Juniors struggle to compete with majors in exploration — Chile’s Mining Society
Despite an increased appetite in copper assets, the rate of new discoveries continues to be low, especially in top world’s producer Chile, where the bulk of exploration is in the hands of major miners, the head of the Chilean Mining Society (Sonami) said Monday.
Speaking on the sidelines of the 17th World’s Copper Conference being held this week in Santiago, Chile, Diego Hernández, President of Sonami and a former Codelco CEO, said that one of the main problems is that big companies already have in their hands most of the known assets available for exploration.
Additionally, he said, there is the issue of how cheap is to hold a property in Chile — only $2 per hectare for exploration projects and $5 p/h for those already in exploitation.
“Companies have no incentives to do anything with those assets, most of them brownfield projects, and that needs to change to both boost exploration in the country and let juniors in,” he told MINING.com.
Hernandez says one of the main modifications to current rules should be making it gradually more expensive for companies to hold on to their assets if they are not actively working on them.
“Juniors come to Chile and the big miners already own most of the available resources. They have to negotiate with them and also go through so much red tape that they end up giving up and looking for other jurisdictions,” he said.
In other places, such as in South Australia, companies have to demonstrate they are working on their properties or else risk losing them. Charles Moore, from the State’s government, warns that unfortunately there are always ways to trick the system. “Some companies do the very minimum just to keep ownership of their assets,” Moore, who is leading the development and implementation of South Australia’s copper strategy, told MINING.com.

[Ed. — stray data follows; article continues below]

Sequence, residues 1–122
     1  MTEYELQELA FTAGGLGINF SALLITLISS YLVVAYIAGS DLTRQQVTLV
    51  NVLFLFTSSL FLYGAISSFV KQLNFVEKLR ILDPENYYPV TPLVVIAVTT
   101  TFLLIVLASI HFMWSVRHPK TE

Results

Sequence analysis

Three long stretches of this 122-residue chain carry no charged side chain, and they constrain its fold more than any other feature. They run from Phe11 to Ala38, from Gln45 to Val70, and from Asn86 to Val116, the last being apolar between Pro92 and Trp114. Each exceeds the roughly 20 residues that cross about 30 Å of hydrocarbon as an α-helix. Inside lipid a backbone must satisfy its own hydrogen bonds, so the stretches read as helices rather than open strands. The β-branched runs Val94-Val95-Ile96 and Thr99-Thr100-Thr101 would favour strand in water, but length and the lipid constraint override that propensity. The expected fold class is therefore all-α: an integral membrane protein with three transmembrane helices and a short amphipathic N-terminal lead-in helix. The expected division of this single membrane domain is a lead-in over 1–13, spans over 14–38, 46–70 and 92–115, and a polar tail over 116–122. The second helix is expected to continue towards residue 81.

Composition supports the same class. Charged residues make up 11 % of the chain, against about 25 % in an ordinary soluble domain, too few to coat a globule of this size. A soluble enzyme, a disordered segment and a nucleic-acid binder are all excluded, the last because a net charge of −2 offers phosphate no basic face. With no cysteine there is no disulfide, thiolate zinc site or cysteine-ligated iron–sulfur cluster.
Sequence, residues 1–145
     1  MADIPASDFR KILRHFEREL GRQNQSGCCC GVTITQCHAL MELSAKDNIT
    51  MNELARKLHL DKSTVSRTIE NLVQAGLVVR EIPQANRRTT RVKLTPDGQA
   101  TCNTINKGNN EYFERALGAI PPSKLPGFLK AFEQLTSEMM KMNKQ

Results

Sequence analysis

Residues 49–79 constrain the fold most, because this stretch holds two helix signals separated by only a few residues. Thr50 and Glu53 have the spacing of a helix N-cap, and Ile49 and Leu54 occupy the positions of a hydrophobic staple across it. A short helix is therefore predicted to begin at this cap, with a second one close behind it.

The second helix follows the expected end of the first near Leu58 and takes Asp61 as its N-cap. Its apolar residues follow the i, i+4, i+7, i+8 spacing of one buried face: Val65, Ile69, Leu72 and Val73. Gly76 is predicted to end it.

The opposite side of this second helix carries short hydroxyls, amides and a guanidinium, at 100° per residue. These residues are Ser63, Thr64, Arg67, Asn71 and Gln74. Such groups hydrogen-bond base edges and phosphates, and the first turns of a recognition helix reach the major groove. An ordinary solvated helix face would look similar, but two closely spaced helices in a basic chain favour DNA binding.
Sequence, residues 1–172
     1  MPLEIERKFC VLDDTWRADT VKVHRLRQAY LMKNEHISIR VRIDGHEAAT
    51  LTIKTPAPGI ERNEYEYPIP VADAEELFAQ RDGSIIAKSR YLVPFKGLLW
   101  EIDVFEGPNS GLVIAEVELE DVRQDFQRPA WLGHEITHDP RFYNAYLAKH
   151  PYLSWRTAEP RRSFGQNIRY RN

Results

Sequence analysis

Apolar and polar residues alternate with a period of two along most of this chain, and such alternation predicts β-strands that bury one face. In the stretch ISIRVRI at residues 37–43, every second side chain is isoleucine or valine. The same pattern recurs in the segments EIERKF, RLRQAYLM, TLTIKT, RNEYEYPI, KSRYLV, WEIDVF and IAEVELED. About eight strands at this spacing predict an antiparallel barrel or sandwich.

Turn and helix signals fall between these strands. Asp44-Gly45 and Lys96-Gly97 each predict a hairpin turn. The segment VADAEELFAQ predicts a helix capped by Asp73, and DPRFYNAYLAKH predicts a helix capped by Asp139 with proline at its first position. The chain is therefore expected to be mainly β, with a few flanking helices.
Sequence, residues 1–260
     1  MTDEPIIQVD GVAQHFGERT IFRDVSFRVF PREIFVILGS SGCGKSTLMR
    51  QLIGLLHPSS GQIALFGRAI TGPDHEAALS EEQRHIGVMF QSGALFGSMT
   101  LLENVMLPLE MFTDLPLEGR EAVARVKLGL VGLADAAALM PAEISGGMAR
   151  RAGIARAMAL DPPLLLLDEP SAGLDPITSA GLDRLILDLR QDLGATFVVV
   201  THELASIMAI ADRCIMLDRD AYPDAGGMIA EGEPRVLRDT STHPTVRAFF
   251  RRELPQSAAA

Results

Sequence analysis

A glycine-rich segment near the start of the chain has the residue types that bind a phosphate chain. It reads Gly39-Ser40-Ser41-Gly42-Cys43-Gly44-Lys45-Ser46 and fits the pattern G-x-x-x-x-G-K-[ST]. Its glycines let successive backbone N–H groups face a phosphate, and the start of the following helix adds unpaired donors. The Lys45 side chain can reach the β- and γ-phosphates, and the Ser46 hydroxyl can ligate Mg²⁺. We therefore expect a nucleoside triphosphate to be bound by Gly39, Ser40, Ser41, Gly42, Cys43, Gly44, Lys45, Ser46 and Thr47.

Still a top destination
Despite the difficulties juniors face in Chile, the country managed to attract 7.6% of the $600 million companies spent on exploration in 2017.
Most of that spending came from majors, including State-owned copper miner Codelco. Juniors, in turn, accounted for 8.8% of the total exploration carried out in the country last year.
Not all discoveries are financially viable. Some have to wait years until it makes sense to start developing them, which seems to be feeding an imminent supply crunch, experts attending the World’s Copper Conference said.
“The current rate of copper discoveries is unlikely to satisfy expected long-term demand. It’s urgent to change the way we do exploration and where we do it, including looking at drilling the seafloor,” José Pesce Rosenthal, VP Resource Development at Codelco, said.
In terms of applying new technologies, Angelo Peri, exploration manager at Sumitomo Metal Mining, said that many companies are using technology more to control staff than to actually improve drilling results.
“Some geologists are forced to report back three times a day. If they are up in the mountains, where there’s no cell signal or Internet, they have to come down every time in order to file a report. That’s an absolute waste of time and resources,” Peri said.
Hernández noted that Chile’s new President Sebastián Piñera hinted during his campaign he wanted to introduce some modifications to the mining code in order to speed up exploration pace. “I hope he does it and that he does it rather soon,” Hernández says. “Otherwise, Chile will miss the ‘cycle boat’ and will have to wait until the next century to develop those dormant assets.”